Discussion Top


Acinetobacter spp. possess an impressive armamentarium of resistance mechanisms rendering it resistant to almost all commercially available antibiotics.[4] Colistin is widely used for the treatment of infections by MDR Gram-negative rods.[8] However, intravenous administration of colistin is associated with a very low CNS transfer of only around 5%. A concomitant intraventricular administration is required for treatment of severe ventriculitis in patients with EVD. The ideal dose, duration, and route of treatment are controversial.[2] The literature review suggests a minimum intrathecal dose of 125,000 IU daily as suggested by the guidelines of Infectious Disease Society of America [9] and may possibly increase to 250,000 IU daily. Intraventricular route was safe, effective, and well-tolerated.[2] Hence, we administered 200,000 IU daily. Duration of intraventricular treatment <7 days is possibly associated with higher mortality.[2] In our case, it was administered for 8 days. Combination of intraventricular and intravenous therapy was chosen as intraventricular therapy alone is not sufficient to treat EVD-related ventriculitis due to MDR Gram-negative pathogen.[2]

Nephrotoxicity attributable to colistin therapy ranges between 0% and 53.5%. It is higher in patients with baseline renal dysfunction. Kidney injury is related to total cumulative dose and duration of therapy. As in our patient, older and more severely ill patients are at higher risk for nephrotoxicity, and it independently predicts higher mortality.[7] Serum creatinine level was measured daily. Dose of colistin was adjusted with the renal function.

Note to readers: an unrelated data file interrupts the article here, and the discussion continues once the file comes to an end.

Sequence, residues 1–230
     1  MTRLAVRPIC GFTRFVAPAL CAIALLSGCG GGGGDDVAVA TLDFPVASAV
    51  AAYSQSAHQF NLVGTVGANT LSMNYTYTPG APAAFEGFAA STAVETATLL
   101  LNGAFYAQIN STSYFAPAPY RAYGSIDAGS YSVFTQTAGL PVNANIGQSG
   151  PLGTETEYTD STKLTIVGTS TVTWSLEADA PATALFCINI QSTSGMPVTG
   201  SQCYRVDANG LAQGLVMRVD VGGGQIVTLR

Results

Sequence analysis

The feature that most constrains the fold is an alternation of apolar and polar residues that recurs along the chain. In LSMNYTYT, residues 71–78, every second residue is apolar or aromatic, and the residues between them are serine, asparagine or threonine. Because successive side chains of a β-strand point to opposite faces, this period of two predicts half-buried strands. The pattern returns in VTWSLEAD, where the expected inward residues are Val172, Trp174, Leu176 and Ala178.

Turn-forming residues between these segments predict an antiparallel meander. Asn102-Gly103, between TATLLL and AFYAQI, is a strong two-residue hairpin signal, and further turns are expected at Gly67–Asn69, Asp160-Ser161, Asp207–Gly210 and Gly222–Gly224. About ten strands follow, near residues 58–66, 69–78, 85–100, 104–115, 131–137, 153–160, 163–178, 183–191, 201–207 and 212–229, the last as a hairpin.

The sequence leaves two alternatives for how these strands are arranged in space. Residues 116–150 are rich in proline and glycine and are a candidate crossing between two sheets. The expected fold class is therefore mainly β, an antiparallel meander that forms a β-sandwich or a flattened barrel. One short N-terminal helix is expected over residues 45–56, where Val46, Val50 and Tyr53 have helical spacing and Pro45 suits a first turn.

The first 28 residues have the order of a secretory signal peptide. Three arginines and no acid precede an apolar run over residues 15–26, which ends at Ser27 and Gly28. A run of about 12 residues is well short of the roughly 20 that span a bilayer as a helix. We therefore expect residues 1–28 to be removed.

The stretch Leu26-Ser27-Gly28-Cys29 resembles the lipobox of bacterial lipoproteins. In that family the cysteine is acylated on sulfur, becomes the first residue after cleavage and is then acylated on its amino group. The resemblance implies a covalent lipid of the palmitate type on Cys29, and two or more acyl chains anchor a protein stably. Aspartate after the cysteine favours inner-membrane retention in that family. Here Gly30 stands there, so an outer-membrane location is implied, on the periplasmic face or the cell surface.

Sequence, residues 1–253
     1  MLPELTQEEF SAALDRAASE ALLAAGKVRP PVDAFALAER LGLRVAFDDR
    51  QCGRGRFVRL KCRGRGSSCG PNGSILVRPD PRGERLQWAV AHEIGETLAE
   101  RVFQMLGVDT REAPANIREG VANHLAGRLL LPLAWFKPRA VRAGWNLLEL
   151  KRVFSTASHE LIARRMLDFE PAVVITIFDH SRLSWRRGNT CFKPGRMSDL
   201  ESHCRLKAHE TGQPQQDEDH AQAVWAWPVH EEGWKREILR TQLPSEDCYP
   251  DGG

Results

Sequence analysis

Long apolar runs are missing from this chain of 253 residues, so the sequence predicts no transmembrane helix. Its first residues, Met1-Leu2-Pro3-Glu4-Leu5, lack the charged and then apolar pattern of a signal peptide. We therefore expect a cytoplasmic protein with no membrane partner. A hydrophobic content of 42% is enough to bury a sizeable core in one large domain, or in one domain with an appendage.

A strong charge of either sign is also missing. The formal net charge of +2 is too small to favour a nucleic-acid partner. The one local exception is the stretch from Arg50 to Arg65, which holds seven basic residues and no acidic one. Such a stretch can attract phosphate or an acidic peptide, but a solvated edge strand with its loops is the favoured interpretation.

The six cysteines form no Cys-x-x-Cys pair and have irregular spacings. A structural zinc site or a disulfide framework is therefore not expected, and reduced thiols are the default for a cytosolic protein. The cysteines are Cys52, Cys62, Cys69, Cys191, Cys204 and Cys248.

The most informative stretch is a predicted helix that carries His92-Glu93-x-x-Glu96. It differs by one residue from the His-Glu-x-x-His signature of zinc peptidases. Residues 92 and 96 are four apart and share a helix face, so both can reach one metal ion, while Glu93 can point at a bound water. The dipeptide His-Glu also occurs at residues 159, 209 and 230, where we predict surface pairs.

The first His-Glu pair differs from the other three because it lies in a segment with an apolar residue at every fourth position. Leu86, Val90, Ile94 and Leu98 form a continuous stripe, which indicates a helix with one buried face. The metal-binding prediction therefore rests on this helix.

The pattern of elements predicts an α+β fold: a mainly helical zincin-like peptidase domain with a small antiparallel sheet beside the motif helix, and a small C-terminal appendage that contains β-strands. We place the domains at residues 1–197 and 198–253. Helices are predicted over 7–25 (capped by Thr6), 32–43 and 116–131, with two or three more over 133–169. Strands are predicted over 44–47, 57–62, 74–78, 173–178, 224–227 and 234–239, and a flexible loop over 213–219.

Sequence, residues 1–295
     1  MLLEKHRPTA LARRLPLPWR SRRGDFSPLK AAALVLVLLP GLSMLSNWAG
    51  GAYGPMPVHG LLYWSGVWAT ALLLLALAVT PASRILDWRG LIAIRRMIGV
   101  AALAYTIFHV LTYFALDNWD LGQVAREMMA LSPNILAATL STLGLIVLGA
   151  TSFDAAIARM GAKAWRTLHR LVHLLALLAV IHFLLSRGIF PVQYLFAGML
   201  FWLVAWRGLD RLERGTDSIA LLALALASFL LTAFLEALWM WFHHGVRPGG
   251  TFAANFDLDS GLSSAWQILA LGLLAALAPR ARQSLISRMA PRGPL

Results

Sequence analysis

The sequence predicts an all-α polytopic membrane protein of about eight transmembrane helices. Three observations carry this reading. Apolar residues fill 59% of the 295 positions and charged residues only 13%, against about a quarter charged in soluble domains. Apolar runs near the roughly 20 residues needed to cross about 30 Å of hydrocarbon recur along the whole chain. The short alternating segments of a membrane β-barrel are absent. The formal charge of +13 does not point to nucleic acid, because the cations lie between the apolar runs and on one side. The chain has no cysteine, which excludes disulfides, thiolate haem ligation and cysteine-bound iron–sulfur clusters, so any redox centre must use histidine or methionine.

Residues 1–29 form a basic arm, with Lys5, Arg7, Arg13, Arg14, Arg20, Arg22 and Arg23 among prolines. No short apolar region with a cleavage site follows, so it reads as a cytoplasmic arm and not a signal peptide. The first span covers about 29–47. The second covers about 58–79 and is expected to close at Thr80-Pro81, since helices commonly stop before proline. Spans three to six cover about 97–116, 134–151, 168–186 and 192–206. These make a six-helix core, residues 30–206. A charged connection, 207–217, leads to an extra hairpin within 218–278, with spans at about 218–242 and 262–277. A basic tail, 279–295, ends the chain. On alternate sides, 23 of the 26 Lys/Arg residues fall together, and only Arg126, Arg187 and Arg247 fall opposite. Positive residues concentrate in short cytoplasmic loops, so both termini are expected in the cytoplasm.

Tigecycline has demonstrated good in vitro activity against MDR A. baumannii, but current evidence does not support its use as monotherapy. Hence, tigecycline was used as a component of multidrug and multi-route therapy for our patient. Despite successful microbiological clearance, patient had poor neurological outcome. The bundle of measures such as education of Intensive Care Unit personnel, meticulous intraventricular catheter handling, and CSF sampling only when clinically necessary routine replacement of drainage catheter on the 7th day is associated with significantly decreased incidence of EVD-associated infection.[10] It should be considered in all patients with EVD.


   Conclusion Top


EVD-associated MDR Acinetobacter infection is associated with poor outcome. Intraventricular and intravenous colistin combined with intravenous tigecycline may be effective in microbiological clearance of bacteria. Bundle of measures should be implemented in all patients with EVD and at risk of MDR infection to prevent the disastrous outcomes.

Financial support and sponsorship

Nil.

Conflicts of interest

There are no conflicts of interest.

 
   References Top

1.